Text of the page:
Sautéing maintains the vegetables’ natural flavors and it lends itself really well to seasoning the vegetables. A little bit of herbs and spices or a tasty sauce can really make your vegetables go from good to outstanding.
The basic sauté method is cook the food in an uncovered pan over medium or high heat, and stirring them often. The higher heat and thinner pieces of vegetables helps them cook quickly, which minimizes nutrient loss. With a high heat setting this method can also be called stir-frying.
In traditional sautéing, oil or animal fat is used to prevent the food from sticking and add flavor. Up until recently most people thought a fat of some kind was a requirement for sautéing vegetables.
However, now we know this is not true. In fact, whether in a sauté or a dressing, oil actually coats our taste buds so that it’s harder to recognize flavor! Oil also brings 120 calories with every tablespoon used, making it the densest food on the planet!
Thus, we have very good reason to leave the oil out of our cooking. Now the question is: how do we do this? Well, we have several techniques to choose from depending on individual preference and what is best for the dish at hand.
The technique closest to the traditional sauté is a water-sauté. This method replaces the oil with water or another liquid, such as broth, juice or wine, and the rest of the process is the same.
A slightly different method, known as a dry-sauté, does not use the oil nor a replacement liquid. Here the only difference with the technique is that you ‘ll need to stir the vegetables often. Without any liquid added the pan is dryer, making it easier for the vegetables to stick and burn. A little browning, or caramelization on the bottom of the pan is ok - sometimes even desirable as it can add more flavor. If there is browning on the bottom of the pan, you can add a touch of water to deglaze the pan and stir in the flavor. This is a fast cooking method, maintaining the integrity and crispness of the vegetables.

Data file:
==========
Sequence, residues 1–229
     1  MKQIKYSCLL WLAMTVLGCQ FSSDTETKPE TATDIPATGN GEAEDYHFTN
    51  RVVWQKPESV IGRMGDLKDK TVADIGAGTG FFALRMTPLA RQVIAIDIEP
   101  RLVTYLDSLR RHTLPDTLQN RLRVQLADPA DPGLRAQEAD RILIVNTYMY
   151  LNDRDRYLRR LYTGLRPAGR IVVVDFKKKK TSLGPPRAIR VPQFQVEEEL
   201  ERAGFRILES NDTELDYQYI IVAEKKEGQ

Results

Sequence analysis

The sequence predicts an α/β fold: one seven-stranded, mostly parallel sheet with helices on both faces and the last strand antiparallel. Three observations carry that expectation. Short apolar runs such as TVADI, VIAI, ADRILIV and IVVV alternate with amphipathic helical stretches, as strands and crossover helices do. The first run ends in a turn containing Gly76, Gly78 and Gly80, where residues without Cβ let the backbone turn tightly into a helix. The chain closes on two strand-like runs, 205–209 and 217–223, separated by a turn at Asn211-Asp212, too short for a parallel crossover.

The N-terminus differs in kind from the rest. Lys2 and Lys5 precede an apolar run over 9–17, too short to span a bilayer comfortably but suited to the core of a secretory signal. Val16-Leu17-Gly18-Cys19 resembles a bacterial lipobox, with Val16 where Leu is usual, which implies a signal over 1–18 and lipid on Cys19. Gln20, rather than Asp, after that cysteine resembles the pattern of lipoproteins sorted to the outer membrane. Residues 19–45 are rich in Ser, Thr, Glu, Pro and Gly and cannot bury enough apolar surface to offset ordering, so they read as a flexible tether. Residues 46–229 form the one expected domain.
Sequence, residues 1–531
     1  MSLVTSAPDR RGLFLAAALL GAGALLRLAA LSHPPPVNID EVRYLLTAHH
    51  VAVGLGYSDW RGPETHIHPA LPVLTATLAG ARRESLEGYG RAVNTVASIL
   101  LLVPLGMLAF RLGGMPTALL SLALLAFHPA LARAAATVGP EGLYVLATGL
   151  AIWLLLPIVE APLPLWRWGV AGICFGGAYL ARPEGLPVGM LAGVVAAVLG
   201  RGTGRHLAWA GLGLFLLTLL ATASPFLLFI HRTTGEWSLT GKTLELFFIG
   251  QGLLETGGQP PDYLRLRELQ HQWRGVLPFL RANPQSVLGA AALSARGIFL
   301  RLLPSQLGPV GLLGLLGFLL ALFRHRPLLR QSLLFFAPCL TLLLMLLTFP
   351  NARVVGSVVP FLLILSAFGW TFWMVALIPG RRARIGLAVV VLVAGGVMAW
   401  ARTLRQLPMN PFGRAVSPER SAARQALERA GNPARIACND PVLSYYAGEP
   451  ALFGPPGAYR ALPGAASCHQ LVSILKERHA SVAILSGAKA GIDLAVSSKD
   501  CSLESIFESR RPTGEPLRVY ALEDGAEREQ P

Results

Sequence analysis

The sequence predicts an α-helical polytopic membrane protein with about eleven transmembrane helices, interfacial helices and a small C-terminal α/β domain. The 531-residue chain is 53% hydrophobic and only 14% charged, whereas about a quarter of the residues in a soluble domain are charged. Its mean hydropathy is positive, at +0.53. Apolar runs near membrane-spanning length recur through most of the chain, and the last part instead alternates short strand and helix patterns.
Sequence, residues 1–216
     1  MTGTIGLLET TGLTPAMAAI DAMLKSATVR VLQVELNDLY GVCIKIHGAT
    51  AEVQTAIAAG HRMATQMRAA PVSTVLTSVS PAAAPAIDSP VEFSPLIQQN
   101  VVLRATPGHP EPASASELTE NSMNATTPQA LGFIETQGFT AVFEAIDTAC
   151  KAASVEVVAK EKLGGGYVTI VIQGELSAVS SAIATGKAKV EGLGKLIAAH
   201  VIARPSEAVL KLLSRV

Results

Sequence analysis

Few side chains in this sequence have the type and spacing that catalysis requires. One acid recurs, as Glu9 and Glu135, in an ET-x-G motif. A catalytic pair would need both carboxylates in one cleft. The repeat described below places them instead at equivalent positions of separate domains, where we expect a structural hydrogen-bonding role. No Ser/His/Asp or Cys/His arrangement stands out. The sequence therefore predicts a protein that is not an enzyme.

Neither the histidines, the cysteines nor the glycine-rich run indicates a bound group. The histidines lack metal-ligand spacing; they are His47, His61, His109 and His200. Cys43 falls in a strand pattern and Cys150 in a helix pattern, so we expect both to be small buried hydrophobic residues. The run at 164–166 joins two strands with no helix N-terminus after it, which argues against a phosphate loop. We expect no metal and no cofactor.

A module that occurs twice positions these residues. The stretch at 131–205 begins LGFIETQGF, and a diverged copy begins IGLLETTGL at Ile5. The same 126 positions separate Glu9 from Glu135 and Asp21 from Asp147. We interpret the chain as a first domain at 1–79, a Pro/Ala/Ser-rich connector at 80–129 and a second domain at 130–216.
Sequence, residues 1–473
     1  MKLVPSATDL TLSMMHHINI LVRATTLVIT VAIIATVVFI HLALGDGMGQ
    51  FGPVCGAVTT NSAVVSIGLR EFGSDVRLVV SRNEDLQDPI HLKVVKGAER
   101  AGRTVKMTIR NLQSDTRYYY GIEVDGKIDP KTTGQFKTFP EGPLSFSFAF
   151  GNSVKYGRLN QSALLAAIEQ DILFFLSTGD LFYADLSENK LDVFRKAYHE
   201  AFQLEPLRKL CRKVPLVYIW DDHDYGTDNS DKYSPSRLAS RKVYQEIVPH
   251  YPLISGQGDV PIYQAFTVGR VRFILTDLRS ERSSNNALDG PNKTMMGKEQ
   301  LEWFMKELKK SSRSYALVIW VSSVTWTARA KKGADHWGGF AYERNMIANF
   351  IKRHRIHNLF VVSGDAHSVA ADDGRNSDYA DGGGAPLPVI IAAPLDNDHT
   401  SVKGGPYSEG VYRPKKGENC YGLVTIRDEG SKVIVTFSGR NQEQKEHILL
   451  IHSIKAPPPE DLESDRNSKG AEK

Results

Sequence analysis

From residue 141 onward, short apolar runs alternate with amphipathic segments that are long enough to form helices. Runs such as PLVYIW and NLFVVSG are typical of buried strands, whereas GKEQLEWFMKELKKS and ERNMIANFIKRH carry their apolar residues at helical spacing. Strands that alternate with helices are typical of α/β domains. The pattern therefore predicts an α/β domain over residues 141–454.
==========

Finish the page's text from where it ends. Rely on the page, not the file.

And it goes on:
Sweating is another form of sautéing with no liquid. However, sweating differs from the dry-sauté because heat is kept to medium, but more importantly the pan is covered. Using a lid keeps the juices released from the vegetables inside the pan, adding lots of moisture to the bottom of the pan. Thus by keeping the pan covered and stirring occasionally, you can cook easily cook oil-free vegetables without any sticking to the bottom of the pan. Most vegetables have a very high water content creating more moisture, or juice, than you might expect.
The goal is to soften the vegetables without browning them and let their flavors start mingling. Look for the vegetables to start glistening and softening around the edges, then move on to the next step in the recipe.
Steam Frying is a mix of sweating and dry-sautéing. The vegetables are cooked in a covered pan without an liquid added, just like in a sweat. The difference is the heat is set to medium-high or high, which causes the vegetables to brown much quicker. Don’t be surprised if you hear the vegetables start to sizzle.
This higher heat requires that the vegetables be stirred more frequently than they would be in sweating. Replacing the lid in between stirring helps maintain a level of moisture and heat in the pan, which is like partially steaming the vegetables in addition to the sauté. This technique delivers tender vegetables with intentional browning for added flavor.
When helping people transition to a whole food, plant-based diet, one of the first moves I recommend is letting go of oil. I believe that between these various techniques, you’re sure to find one that fits your cooking style and taste preferences. You may find you that with certain vegetables you like some techniques more than others. Do some testing and have fun with it!